The six core values of the Medal of Honor – courage, integrity, commitment, sacrifice, citizenship, and patriotism –represent ideals of character that we should all aspire to. And while many of the MOH recipients might not be entirely comfortable being called heroes, that’s precisely what they are in my view.

Just like when the heroes in our favorite stories sacrifice themselves for something greater, we recognize the inherent nobility in that act, in the value of sacrifice. We understand courage and integrity in the same kind of inherent way; these are really human values. So having the Medal of Honor values, and the example the recipients set for all of us, as the cornerstone of this curriculum puts it on much firmer, more universal foundations than many leadership programs.

I do also want to say that implementing this kind of curriculum isn’t without its challenges. Many people see a distance between themselves and those ideal values. They might hear some of the recipients’ stories and think, “I could never do something like that.” But we shouldn’t shy away from hard things.

The recipients themselves serve as moral exemplars by showing us what’s possible, since they’re real people who have demonstrated these values in the most daunting of circumstances. But each of us never really knows when we might be called upon to demonstrate the kind of courage or integrity or commitment that may make a profound difference. It may not be in combat, but there are certainly critical moments in all of our lives where being able to live these values might make all the difference. This curriculum aims to help learners prepare to meet their own moments by putting them in interactive scenarios and situations that ask them to exercise these values in the process of making tough decisions.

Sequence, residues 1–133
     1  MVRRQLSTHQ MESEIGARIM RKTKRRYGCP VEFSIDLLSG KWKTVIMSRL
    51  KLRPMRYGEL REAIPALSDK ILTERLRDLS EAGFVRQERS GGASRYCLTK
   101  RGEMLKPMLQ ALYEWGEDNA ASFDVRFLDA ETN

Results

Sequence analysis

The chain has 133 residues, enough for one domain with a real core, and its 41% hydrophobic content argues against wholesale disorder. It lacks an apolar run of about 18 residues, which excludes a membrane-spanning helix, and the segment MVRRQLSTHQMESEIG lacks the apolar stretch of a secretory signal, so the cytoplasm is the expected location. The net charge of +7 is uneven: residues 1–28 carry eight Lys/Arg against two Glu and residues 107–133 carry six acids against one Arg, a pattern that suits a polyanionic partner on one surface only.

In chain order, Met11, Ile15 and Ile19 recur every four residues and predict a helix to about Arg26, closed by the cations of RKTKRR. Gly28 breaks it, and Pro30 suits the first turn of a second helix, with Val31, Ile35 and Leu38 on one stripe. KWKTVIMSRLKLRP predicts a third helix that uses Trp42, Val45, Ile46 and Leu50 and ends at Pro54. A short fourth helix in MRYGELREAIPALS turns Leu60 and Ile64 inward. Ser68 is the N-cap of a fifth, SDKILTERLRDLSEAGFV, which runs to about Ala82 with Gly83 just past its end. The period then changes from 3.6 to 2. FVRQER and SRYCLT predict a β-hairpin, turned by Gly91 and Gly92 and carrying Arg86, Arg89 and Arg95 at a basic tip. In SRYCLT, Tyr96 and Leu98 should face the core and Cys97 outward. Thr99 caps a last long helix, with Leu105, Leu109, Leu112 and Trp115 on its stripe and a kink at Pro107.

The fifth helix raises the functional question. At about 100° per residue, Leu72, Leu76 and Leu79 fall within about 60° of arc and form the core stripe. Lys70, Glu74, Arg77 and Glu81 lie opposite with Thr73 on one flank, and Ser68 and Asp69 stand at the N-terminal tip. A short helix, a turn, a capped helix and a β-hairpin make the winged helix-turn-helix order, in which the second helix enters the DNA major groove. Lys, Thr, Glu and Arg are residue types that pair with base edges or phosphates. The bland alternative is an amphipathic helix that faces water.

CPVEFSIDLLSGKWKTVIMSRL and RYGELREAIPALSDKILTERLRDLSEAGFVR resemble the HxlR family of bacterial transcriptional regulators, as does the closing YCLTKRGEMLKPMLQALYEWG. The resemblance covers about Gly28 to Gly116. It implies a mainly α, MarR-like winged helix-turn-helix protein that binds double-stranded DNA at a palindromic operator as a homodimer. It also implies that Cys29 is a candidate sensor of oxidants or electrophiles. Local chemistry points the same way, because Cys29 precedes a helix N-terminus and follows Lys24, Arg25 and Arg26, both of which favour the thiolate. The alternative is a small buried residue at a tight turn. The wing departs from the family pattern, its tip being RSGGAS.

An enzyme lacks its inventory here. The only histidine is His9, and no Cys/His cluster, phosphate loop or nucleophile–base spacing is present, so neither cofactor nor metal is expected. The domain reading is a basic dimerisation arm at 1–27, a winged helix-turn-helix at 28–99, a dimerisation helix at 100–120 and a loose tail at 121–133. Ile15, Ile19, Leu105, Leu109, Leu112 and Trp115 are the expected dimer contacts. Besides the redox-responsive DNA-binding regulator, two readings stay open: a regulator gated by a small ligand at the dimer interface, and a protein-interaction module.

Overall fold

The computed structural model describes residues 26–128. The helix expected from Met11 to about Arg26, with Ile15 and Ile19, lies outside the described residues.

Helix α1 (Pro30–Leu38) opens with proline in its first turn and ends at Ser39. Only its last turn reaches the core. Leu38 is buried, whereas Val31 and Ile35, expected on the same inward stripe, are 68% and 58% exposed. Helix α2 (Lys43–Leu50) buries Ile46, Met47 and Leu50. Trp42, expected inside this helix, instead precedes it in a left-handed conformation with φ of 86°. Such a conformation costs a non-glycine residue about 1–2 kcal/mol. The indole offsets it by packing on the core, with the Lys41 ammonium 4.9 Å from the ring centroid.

I think I’ve learned more about courage now at 42 raising children than when I was 25 jumping out of airplanes! I saw a lot of examples of courage, commitment, and sacrifice during my time in the military, but it wasn’t until I studied philosophy in more depth after I returned from war that I really tried to understand what a virtue like courage really was.

The Greek philosopher Aristotle argues that courage is a mean between the extremes of cowardice and recklessness. It’s not an absence of fear but rather the mark of someone who fears appropriate things and is able to face them and act courageously anyway. More importantly when it comes to building character, our capacity to act courageously is really developed through habit, through practice. And you don’t need to go to war to make a habit of acting courageously. We can all become more courageous with the right habits, practicing them, for example, by speaking up in situations where we might otherwise be afraid to share our ideas or defending a co-worker when there’s a real risk to us in doing so. Certainly, raising small children is a daily test of courage!

And that’s part of where our leadership program comes in: bringing these values front and center in leadership discussions so we can reflect on how to continuously build our character in positive ways and learning from those like our Medal of Honor recipients who represent the best of values-based leadership.

I envision the Center offering a broad range of programs, courses, materials, and learning experiences to adult learners at all different stages of their leadership journey.

At the broadest level, we want the program to be applicable to a wide range of professional sectors and delivered in a variety of ways that makes it accessible to in-person and online audiences. As one example, we’ll have online masterclasses on leadership and values that will incorporate recipient stories into leadership lessons and interactive decision-making scenarios.

Five years from now, we will also be offering a number of courses, fellowships, and leadership seminars through partnerships with different higher education institutions all across the country. I also expect we will have a vibrant corporate training program where we partner with interested organizations to create customizable training solutions that help them build values-based organizational cultures where exceptional leaders can thrive.